• Decrease font size
  • Return font size to normal
  • Increase font size
U.S. Department of Health and Human Services

For Consumers

  • Print
  • Share
  • E-mail

Test Determines Risk of Breast Cancer Returning

Red envelope icon for Govdelivery Get Consumer Updates by E-mail

RSS feed orange symbol Consumer Updates RSS Feed

FDA has cleared for marketing a test that determines the likelihood of cancer returning within 5 to 10 years after a woman's initial breast cancer. It is the first cleared molecular test that profiles genetic activity.

The MammaPrint test, cleared in February 2007, uses the latest in molecular technology to predict whether existing cancer will spread to other parts of the body (metastasize). The test relies on microarray analysis, a powerful tool for studying the patterns of behavior of large numbers of genes in biological samples.

The recurrence of cancer partly depends on the activity of certain genes located in a tumor. Predictive tests like the MammaPrint can measure the activity of these genes to help physicians understand their patients' odds that the cancer will spread.

Agendia, the Amsterdam, Netherlands developer of MammaPrint, identified a set of 70 genes whose activity gives information about the likelihood that a tumor will recur. The MammaPrint test measures the level of activity of each of these genes in a sample of a woman's surgically removed breast cancer tumor. The test then uses a specific formula to produce a score that determines whether the woman has a low risk or high risk for the spread of the cancer to another place in the body. The result, when used with other clinical information and laboratory tests, may help a doctor plan appropriate follow-up for a patient.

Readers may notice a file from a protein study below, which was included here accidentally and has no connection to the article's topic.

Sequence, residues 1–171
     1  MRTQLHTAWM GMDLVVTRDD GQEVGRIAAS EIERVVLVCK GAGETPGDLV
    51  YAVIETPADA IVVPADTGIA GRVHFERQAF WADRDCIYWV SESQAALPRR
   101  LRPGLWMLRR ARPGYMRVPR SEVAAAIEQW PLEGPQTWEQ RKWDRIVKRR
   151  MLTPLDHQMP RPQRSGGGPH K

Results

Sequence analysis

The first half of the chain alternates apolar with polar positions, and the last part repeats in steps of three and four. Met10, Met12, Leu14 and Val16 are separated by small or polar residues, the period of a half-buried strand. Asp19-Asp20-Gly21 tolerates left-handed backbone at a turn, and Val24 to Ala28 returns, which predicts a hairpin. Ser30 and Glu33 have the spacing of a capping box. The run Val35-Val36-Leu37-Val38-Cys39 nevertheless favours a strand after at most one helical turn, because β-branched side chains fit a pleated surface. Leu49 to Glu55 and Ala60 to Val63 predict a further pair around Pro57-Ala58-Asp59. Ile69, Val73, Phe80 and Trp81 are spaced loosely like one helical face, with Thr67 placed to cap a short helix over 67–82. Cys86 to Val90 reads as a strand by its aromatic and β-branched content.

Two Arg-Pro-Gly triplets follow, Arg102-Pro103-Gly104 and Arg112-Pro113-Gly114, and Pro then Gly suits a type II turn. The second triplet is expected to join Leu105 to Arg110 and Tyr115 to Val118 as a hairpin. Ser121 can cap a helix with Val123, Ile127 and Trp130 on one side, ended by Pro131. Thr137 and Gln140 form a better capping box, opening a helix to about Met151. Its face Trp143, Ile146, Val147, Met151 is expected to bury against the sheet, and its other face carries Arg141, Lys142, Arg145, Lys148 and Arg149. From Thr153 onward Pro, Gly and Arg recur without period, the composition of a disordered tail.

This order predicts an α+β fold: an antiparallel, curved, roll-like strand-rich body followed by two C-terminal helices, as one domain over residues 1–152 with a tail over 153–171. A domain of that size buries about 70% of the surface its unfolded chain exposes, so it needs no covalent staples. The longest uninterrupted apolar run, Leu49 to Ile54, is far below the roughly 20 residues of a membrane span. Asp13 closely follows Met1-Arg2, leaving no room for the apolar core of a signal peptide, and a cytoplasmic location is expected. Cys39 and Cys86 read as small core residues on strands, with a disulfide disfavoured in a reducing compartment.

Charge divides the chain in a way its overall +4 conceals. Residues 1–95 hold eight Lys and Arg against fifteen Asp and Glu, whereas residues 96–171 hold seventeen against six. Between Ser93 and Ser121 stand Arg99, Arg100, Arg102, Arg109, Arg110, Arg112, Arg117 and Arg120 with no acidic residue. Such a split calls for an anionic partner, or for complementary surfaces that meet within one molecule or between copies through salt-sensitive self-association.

Prior to clearing the test, FDA asked the developer for evidence that the MammaPrint had been properly validated for its intended use. Agendia submitted data from a study using tumor samples and clinical data from 302 patients at 5 European centers. The study confirmed that the test was useful in predicting the time until tumors developed in other parts of the body in women who:

  • are under age 61
  • are in the two earliest stages of cancer (Stage I and Stage II)
  • have tumor size equal to or less than five centimeters
  • have no evidence that the cancer has spread to nearby lymph nodes (lymph node negative)

According to the American Cancer Society, an estimated 178,480 new cases of invasive breast cancer will be diagnosed among women in the United States this year and over 40,000 women are expected to die from the disease.

This article appears on FDA's Consumer Update page, which features the latest on all FDA-regulated products.

Date Posted: May 14, 2007